You might want to try lapping the barrel out using an old method my gunsmith taught me. Take a 45-70 case and sharpen the mouth the best you can and cut some leather wads. You may want to use older brass because it will mess the case up. Then you take your roughly .457 diameter leather wads and use a leather punch to cut holes about a 1-4 inch in diamenter directly in the center of the wad. After you have about 6-8 wads you are ready for mounting. Take an 8x32 bolt that will fit into the threads of an older one piece steel cleaning rod (GI rods work great for this task) and place your wads onto the bolt. You have to measure the bolt to fit through your leather and have room to tighten down. Wads can be added or subtracted if needed. For a badly pitted barrel start with course grade lapping compound. Can be obtained at an Auto parts store in course and fine grade packages. Coat the leather wads with the lapping compound after snuging them into the cleaning rod. Starting on the breech end tap the coated leather into the bore. Run the lap that you just formed through the bore untill you see a little leather pass the muzzle. Tighten the 8x32 bolt one quarter turn or more. Too much will sieze, but a little will give you friction to do the job. Pull the lap back through the bore and stop when you see leather showing. Work the course grade compound and clean once in a while to see if the pits are gone. This will take a while, so clear your evening schedule. Once you get the desired results switch to the fine grade and take the same steps as you did with the course compound. If you are worried about damaging the bore don't. The lap will only take off very little, the worst that will happen is that you will not be able to get the pits out. In your case there is nothing to loose. You will know when the job is done when the bore looks like a mirror.

Good luck,
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Old January 23, 2013, 03:16 PM   #7
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Sorry to break it to you, but no amount of cleaning is going to remedy a pitted bore.

Get some Wipe-Out...
Several applications, with overnight "soaks", will get it as good as can be...without undue effort or cost.

If it doesn't shoot up well after that, hang it on the wall and buy another one.
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Old January 23, 2013, 07:12 PM   #8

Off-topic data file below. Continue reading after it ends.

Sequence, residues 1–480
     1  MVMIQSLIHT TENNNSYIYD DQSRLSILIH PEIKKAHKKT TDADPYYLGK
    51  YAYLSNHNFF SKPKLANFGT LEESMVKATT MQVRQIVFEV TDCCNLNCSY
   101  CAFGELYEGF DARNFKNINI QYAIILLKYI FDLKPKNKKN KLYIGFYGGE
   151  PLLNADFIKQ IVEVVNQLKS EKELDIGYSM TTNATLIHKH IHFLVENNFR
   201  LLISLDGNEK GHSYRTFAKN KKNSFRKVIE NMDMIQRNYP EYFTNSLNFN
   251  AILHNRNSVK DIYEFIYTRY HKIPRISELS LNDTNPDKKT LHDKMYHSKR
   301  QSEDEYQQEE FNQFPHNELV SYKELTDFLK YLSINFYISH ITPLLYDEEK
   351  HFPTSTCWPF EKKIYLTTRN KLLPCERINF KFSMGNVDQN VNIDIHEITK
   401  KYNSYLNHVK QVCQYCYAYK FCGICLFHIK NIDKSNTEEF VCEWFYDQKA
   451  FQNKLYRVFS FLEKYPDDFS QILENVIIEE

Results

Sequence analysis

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^^ Agreed, they are cheap enough.
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Old January 23, 2013, 11:08 PM   #9
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A good way to clean a barrel is to actually shoot it. You cant get anything in a barrel as tight as a bullet.

If it is actually pitted, as others have stated, you can't do anything about it.
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Old January 23, 2013, 11:35 PM   #10
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for plugging the bore the hardware stores have a thing (can't think of the actual name) that is basically a rubber stopper with a bolt for a core and a metal washer on each end. Tighteneing the bolt conpresses the rubber enlarging its diameter forming a liquid proof seal.

I vouch for the Wipeout though as it is much easier. I have a rifle with a nasty bore and giving it 2 1/2hr treatment of wipeout made it shine. It is still pitted, but it got the crud out of the pits!
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Old January 24, 2013, 03:49 PM   #11
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I have several rifles that have bores that look like they are pitted to some extent. I cleaned them good, and with good ammo they shoot quite well.

I would advise before doing all the other stuff slug the bore first. The cause of inaccuacy in many of the Mosin-Nagant rifles is an oversized bore. I have one like that. It shoots 5 inch groups at 100 yards with the spam can ammo. With my hand loads using an oversized bullet it cut those groups to 2 to 3 inches. (My vision with iron sights limits this. Someone better beihind the trigger with decent eye sight could shrink that even more.